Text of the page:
Taking Notes From My Son

There’s a piece of music my son and I created five years ago that depicts our relationship.

On a chaotic day–I’d been working on a novel for a few years, simultaneously pitching journalism ideas to editors, when I received yet another rejection. I felt sorry for myself. Why am I in this business? When will life get easier? I’m just a housewife after all. Down the self-pity, anger well I fell.

After guiding three children through homework, I finished the dishes and needed a release.

I sat at our second-hand piano we had named Audrey because a year before I’d had one of those foggy-headed, deep dreams where I’d given birth to a fourth child, Audrey. Three hours later, our slender-legged upright piano was delivered.

I told Audrey all my problems, venting twisted fits of stress and frustration in a round of chords. When am I going to be the true artistic writer I dream of? I’m fooling myself. When am I going to shuck these chains of woman’s drudgery and get somewhere? I’m an impostor; a poser. I’m wasting time and am too old to ever get anywhere real. I’m nobody from nobody and will never get a break…bang, bang bang. Anger streamed.

Robert buzzed around like a curious bee, the energy in the room too much to ignore.  Not afraid of unscripted music, he grabbed his red Fender electric guitar and jumped into my energy.

In perfect timing, without stopping to ask questions or seek direction, he isolated base notes within the chords and got comfortable in a repetitious trill: one, two, three, one, two, three—two slow and one fast. As the music progressed he risked skipping a beat, trusting I’d still be there within the parameters of the same chord to stay in the rhythm. I could sense something as our combined energy shifted and I tried to hold on.

“Keep going,” I thought, “he needs me to keep going ’cause he’s looking for something.” I couldn’t keep the pace and stopped. He coaxed me back again, counting off and on we went. His timing was impeccable. Sometimes he’d deaden the note or bend others, playfully seeking that next note. Once he found it, he took off.


The music erased time. We were ageless that evening. I was no longer the authority figure as we silently followed each other to some distant point on the horizon.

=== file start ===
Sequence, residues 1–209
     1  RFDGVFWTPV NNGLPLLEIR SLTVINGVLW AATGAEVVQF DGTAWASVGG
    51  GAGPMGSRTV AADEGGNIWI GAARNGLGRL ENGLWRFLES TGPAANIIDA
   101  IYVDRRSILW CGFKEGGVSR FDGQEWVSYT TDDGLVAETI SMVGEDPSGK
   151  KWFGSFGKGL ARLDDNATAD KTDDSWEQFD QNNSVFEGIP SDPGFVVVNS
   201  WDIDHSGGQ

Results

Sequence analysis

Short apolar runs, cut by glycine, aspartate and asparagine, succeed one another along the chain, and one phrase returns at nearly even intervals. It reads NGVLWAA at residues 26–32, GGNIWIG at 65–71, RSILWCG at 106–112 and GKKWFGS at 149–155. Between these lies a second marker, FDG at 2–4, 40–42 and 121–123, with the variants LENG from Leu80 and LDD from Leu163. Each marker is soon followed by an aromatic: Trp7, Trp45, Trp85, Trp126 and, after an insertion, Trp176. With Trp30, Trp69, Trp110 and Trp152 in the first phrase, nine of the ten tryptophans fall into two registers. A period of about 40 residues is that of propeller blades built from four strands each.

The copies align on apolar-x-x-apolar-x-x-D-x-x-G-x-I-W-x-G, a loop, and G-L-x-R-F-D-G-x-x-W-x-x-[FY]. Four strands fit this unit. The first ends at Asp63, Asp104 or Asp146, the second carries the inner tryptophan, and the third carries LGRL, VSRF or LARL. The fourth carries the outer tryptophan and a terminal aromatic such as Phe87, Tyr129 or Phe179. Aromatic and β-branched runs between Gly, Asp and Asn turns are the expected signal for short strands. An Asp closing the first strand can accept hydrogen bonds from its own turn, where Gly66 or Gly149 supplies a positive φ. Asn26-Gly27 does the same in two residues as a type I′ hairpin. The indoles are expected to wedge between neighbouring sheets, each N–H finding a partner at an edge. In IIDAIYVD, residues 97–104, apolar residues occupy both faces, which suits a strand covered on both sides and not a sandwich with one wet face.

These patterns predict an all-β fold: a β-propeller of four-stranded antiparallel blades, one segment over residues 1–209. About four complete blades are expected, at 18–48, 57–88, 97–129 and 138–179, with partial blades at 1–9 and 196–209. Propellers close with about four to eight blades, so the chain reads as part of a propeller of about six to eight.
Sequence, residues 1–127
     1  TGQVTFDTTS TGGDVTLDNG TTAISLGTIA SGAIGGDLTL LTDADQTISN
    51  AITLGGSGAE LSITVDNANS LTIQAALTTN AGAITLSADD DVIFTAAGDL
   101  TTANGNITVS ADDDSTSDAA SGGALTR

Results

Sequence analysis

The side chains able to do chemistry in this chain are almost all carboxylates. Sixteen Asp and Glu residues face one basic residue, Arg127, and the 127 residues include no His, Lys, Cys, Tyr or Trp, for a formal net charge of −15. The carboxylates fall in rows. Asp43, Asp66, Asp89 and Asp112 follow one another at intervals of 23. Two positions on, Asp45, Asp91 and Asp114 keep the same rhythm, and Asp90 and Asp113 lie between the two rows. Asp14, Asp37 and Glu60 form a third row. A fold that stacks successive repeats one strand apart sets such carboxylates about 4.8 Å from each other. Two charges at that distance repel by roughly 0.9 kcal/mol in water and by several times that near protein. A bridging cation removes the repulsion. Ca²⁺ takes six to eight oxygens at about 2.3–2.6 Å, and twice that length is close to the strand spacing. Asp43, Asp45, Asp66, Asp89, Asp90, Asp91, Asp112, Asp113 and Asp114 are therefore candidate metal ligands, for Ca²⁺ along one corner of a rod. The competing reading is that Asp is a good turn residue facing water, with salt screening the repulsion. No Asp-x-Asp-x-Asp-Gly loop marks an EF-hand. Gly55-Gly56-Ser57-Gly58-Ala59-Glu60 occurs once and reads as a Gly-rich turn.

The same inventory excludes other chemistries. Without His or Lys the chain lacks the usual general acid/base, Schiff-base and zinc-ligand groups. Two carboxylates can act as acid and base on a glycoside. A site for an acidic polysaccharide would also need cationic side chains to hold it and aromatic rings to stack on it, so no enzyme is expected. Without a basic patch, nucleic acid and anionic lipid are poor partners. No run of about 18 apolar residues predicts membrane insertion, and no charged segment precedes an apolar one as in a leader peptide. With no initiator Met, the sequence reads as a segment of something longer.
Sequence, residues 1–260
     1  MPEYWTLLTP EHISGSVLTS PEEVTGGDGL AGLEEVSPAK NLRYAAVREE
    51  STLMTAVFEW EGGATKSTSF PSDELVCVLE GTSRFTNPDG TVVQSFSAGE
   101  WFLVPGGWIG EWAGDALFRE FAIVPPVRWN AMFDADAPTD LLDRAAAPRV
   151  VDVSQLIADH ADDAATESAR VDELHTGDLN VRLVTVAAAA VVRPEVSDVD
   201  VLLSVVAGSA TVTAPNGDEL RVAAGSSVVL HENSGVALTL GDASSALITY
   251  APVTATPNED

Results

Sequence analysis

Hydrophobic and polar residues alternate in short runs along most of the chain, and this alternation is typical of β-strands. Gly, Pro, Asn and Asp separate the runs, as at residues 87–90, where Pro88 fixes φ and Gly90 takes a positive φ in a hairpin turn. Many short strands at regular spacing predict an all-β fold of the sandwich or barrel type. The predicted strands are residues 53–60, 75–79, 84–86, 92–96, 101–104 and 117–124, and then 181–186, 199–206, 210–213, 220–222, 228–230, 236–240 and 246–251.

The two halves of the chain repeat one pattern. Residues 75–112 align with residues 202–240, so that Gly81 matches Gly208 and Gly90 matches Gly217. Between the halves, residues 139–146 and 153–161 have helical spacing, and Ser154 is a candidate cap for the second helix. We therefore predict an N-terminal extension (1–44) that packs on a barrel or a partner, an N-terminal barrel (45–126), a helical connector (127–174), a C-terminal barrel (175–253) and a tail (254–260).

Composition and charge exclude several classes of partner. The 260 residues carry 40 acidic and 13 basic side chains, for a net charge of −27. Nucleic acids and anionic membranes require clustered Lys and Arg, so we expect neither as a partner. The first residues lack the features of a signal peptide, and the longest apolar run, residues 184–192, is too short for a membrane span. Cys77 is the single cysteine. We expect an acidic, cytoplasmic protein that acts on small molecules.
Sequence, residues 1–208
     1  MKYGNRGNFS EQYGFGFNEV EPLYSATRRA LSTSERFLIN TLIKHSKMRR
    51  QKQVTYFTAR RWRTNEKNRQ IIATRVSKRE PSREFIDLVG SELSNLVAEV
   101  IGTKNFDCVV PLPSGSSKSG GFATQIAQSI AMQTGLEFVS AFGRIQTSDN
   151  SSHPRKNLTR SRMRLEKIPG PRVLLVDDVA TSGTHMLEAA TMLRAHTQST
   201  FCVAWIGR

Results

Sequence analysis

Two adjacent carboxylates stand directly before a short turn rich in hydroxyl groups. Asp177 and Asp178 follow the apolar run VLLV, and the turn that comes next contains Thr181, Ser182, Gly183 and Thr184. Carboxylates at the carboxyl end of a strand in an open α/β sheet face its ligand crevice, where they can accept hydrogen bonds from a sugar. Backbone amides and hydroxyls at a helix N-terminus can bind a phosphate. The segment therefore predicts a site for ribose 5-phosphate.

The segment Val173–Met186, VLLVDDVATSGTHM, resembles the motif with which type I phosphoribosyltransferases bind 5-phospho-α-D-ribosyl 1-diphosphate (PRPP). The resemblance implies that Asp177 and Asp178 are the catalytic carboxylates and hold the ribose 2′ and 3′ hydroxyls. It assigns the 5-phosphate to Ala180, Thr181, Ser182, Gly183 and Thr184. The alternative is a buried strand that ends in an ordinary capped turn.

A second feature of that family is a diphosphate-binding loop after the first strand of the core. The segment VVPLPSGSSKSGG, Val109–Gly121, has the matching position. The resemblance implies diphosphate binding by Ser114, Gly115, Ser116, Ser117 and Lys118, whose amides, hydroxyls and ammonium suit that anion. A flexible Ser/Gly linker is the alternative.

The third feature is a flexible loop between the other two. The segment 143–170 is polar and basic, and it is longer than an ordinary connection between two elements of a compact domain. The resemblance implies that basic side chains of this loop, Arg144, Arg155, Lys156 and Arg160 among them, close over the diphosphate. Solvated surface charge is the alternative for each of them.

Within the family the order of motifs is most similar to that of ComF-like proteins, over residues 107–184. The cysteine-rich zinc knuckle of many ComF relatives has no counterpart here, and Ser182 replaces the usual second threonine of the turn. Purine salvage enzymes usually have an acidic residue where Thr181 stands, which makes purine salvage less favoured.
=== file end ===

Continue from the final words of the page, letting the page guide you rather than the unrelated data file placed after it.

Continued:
Go, kid, go! Run, run, I said, I can’t do it anymore, I’m older, but you are young and are finding your legs and when you do run, kid, run. Run and don’t ever look back. Don’t worry about tripping. Don’t worry about being wrong, I’m here to catch you. Just keep going. The music built: dum, dum, dum. Audrey resonated as his electric guitar drilled la, la, la trills over and over. His wings unfurled.

Mom, stop, stopping. Let go like a child, don’t judge yourself—be free. 

The anger turned to pure joy—from a no, grew yes.

I had all I could do as a mother to keep this basic rhythm going. Leaving myself behind to get out of my own self-pity, something else took shape–hope. I felt like the first time he let go of my hand and toddled alone across the living room carpet. He was on his way.

My child taught me that day to get out of wallowing in what they say, and reminded me to stay pure in art and just do it. When I crawl into the dark hole sometimes, I click on the 1 minute and 48 seconds of  “flight” and hear pure joy in creating art. It melts those critics away.

I hear the layers of our relationship in ribbons of individual freedom stitched in family ties. Mostly, I hear that he won’t let me get away with self-pity, nor will I.

Taking Notes From My Son


Amy Winehouse and I share a birthday: September 14th. Virgos. We are the bookends of Generation X. Me-1965; she-1983. Gen X is comprised of the sink-or-swim survivors in a generation with no war to protest or glorify. Our battle to wage is within our inner psyches. Amy fell victim, plunging headfirst into the “27” club.